As I get older, I find that I am less inclined toward the polite pretenses that pepper a life spent servicing and socializing: to laugh at unsuccessful jokes, to listen pleasantly to an extremely boring story, to bear patiently the muddled ramblings of an elderly family member, to pretend to be delighted by other people’s largely undelightful children. Sometimes I feel pretty awesome about this facet of my personality (I’m “real”! I’m grounded! I suffer no fools!) and sometimes I feel terrible about it (I’m ungracious! I’m a giant jerk! I will die alone!) . Mostly though, I have grown to accept that I am who I am and I CAN ONLY CHANGE MYSELF SO MUCH TO PLEASE YOU PEOPLE.
For the purposes of this blog, let us discuss children. A child is not a puppy. Children are not inherently delightful. Puppies are inherently delightful. No one can dispute this. By example, let me propose this choice: would I rather wake up to find a box of puppies at my doorstep, or (disregarding the horrifying implications) a box of toddlers? EXACTLY. While both creatures are illogical, gross and absurdly needy, puppies possess some ineffable X-Factor that keeps me from wanting to sit on them until they calm the hell down and stop asking for stuff. Children possess no such X-Factor. Do you think it is the fluffiness? I suspect it may be the fluffiness.
Amy, when your baby is born do you ever forsee a day when you will want to sit on her until she stops asking for stuff, or do you think that I should probably go to jail?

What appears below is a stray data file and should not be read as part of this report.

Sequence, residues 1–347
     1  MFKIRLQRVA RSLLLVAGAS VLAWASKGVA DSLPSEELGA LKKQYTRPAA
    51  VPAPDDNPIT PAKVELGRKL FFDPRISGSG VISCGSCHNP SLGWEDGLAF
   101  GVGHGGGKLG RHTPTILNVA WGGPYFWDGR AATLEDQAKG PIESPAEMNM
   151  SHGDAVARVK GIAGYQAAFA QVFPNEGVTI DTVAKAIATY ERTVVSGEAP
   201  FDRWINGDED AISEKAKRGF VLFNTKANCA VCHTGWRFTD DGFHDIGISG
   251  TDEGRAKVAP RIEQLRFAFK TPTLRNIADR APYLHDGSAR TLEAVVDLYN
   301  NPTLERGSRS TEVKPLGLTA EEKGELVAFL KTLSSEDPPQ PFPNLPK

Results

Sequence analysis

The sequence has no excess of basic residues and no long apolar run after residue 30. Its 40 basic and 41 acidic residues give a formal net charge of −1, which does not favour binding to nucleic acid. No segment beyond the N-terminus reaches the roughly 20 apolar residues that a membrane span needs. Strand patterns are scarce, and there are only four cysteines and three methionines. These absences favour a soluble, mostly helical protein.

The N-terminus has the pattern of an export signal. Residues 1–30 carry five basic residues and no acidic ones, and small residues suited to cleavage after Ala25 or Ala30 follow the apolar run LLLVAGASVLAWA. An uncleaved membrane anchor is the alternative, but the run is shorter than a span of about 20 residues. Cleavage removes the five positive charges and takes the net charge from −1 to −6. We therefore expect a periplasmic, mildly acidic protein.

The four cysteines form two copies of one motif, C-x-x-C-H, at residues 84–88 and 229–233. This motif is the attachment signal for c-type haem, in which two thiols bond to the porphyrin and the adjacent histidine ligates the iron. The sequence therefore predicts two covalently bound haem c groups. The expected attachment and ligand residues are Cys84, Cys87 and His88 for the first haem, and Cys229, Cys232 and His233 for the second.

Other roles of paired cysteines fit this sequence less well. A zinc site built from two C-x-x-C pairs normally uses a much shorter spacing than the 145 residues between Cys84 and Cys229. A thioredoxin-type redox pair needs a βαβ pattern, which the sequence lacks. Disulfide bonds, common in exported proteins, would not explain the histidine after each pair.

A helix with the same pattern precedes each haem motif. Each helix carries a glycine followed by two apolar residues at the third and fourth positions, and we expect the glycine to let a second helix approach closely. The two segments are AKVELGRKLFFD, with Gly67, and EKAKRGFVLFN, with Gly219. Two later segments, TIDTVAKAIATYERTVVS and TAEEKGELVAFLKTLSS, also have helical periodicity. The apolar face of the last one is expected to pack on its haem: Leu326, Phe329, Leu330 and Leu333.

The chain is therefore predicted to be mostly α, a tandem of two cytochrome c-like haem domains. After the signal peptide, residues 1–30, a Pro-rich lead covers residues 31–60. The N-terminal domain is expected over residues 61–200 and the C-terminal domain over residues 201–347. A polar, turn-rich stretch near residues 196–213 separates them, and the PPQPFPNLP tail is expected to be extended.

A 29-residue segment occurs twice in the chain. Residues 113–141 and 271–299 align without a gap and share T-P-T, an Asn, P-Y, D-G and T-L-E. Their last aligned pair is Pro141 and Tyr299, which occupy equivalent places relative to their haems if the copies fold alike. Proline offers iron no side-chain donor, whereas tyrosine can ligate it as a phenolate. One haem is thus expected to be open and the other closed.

Puppies cannot be denied. This is the first thought I had when I read your letter. My friend Karen is in the process of buying a golden retriever puppy. Because I am judgmental, I do take issue with not RESCUING a puppy. However, about once a week, she sends me a picture of the litter her puppy is in, such as this one:
Or this one:
Even at my most judgmental, I cannot deny those puppies. In fact, all I can do is my best to quell an overwhelming urge to scream “EEeeeeee!” and then to jump into that top picture, and make the puppies lay all over me. They are older now, about eight weeks, and just about to be taken from their mother. That must be hard. Being pregnant with twelve babies, having a couple die, hanging out with the rest of them, and then watching them scatter to different homes, never to be heard from again.
I love toddlers, so I think I’d be as delighted by a box of them on my porch as I would a box of puppies, but I see your point. Certainly there will be days that I just want to tell my daughter to BE QUIET or SIT STILL or JUST STOP JUST STTTTTOOOOPPPPPP. I mean, at some point — not to be morbid, but IF ALL GOES WELL — I’ll be living with a teenage girl. I did that once. The girl was me, and she was A REAL PIECE OF WORK, and probably the worst roommate EVER. But my parents put up with me, because that’s what parents do.
That’s the difference between puppies and children. Children — let’s even say MOST children — have parents who love them and are biologically programmed to do so, and puppies have parents from whom they are stolen, and then they are sent to live with OTHER, human parents. Who, in fairness, might call them “fur babies” and love them as their own, just like human parents of children, or who might kick them and leave them tied up in the back yard. Just like some human parents. What was my point here? I don’t think I’ve made it. I guess there is no difference between children and puppies, except that puppies ask fewer questions. And yes, Annie, they are fluffier.
PS: For what it’s worth, the first paragraph of your letter describes me, like, perfectly. Perhaps we have not grown so very different at all, and a woman in her thirties is a woman in her thirties, single, married, mom, not mom, etc.
The more I think about it, the thing I would prefer most to discover a box of on my doorstep would be this:
That, or a box of hundred dollar bills.